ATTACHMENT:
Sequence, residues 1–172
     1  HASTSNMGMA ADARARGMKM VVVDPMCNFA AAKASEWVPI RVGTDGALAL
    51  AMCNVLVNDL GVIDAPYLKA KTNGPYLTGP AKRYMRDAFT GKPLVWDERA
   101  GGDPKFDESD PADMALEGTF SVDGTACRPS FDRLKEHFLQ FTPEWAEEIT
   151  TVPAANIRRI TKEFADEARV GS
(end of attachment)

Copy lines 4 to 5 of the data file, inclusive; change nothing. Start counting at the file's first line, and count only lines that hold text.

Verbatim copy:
   101  GGDPKFDESD PADMALEGTF SVDGTACRPS FDRLKEHFLQ FTPEWAEEIT
   151  TVPAANIRRI TKEFADEARV GS